Fictionalized Saints

Folklore is a type of fiction that imaginative people love to create. Much folklore has developed in a religious context. Even today, for example, writers like to spin out new Christmas legends about the Christ Child. We take these fables for what they are: not historical truth but charming flights of fancy.

But when stories of saints intended to be mythical are passed on to uncritical people, especially by word of mouth, they can come to be accepted as true history. Then there is danger that those who so accept them will fall into a superstitious kind of piety. That does no credit to the saints of God or to God’s Church.

Let me give you two illustrations – one of a “saint” who has never existed; the other of a real saint whose life story, as it has reached us, is utterly undependable.

The non-saint is variously called Wilgefortis, or Liberata, or (in English) Uncumber. According to the only “life sketch” we have of her, Wilgefortis was a septuplet (some versions say a nonetuplet – one of nine “twins”). Her parents were king and queen of Portugal, both of them stout pagans. But the seven/nine children became Christians; and one named Wilgefortis or Liberata took a vow of virginity. Subsequently, her father told her that he had made a marriage match between her and the king of Sicily. Poor Wilgefortis prayed to God to protect her from breaking her vow. He did, in a striking way. He gave her a full beard – surely a novel way to discourage a suitor. The virgin’s father was so furious that he condemned his daughter to death by crucifixion.

What can have suggested this wild invention? Some have thought it resulted from an attempt to explain a certain type of medieval crucifix that depicts Christ fully clothed in a long robe that might seem to be a woman’s dress. Nevertheless, devotion to the non-existing St. Liberata became quite widespread. In the 16th century, St. Thomas More ridiculed the unseemly devotion to St. Uncumber still current in England. Unfortunately, the sort of people who are taken in by such tales are not easy to unpersuade.

St. Christopher, on the other hand, was an historic person whose life story has been lost in a pile of fiction. His popular legend tells us that his name was originally Reprobus (= reprobate) and he was a giant 10 feet tall! He was also a pagan, a fiercely independent man who vowed that he would serve none but the mightiest king on earth. At one point he even considered the Devil to be the king he sought, for the earthly rulers he met were afraid of Satan. But he turned away from Satan when Satan admitted that he himself was afraid of Christ crucified. So the giant asked a holy hermit how he could find Jesus. The hermit advised him to settle down by a deep and dangerous river in order to carry fearful travelers across. Reprobus followed his counsel. One day a small child appeared and asked to be “ferried” to the other side. Reprobus set him on his shoulders; but as he made the crossing the youngster’s weight gradually became so heavy that the two barely made the other shore. When Reprobus asked about this phenomenon, the child replied, “You have not only borne all the world upon you, but Him who created the world.” He called Reprobus by a new name, Christopher (“Christ-bearer”). Then he disappeared. But Christopher knew now that he had found the greatest ruler of all. He spent the rest of his life in that King’s service, and won a martyr’s crown. This widespread – and quite charming – legend is absolutely untrustworthy from a historical point-of-view. All that we know about St. Christopher is that he existed and died for the faith perhaps in the middle of the third century. It is the legend, of course, that has made him a popular patron of travelers. But even if the good martyr would not recognize himself as pictured by his “biographers,” he has doubtless welcomed cheerfully the prayers of wayfarers and done his best to secure for them the protection of heaven.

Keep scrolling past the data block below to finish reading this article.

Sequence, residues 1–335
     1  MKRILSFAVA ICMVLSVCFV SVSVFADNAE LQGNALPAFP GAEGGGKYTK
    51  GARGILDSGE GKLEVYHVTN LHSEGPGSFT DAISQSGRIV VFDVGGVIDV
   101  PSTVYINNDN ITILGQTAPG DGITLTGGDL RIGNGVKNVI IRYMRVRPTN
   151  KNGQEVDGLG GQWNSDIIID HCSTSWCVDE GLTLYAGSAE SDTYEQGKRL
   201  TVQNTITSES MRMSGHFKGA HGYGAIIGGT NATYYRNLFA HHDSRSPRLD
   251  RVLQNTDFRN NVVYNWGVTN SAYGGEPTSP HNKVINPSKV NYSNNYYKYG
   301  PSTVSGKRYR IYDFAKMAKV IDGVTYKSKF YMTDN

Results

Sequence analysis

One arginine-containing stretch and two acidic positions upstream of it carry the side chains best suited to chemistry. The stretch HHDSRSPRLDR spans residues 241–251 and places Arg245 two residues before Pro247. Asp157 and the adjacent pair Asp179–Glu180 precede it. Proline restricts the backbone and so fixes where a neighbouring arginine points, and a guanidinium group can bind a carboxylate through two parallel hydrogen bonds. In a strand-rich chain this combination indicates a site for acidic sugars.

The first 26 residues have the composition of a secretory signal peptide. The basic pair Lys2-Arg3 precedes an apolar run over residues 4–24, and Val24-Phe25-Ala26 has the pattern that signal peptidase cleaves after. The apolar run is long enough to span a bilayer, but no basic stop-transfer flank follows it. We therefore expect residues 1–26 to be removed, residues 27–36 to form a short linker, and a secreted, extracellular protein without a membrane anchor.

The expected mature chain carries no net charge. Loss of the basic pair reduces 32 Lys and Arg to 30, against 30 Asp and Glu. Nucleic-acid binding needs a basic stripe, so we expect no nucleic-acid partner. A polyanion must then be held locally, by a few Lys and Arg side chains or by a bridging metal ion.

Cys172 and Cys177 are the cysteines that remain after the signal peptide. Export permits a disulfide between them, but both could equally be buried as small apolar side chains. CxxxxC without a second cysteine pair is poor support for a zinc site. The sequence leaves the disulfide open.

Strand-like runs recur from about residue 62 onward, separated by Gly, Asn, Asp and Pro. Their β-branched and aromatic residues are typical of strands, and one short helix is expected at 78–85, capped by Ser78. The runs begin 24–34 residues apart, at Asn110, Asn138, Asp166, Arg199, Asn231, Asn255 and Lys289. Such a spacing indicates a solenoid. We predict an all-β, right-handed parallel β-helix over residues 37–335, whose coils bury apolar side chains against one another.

— Father Robert F. McNamara

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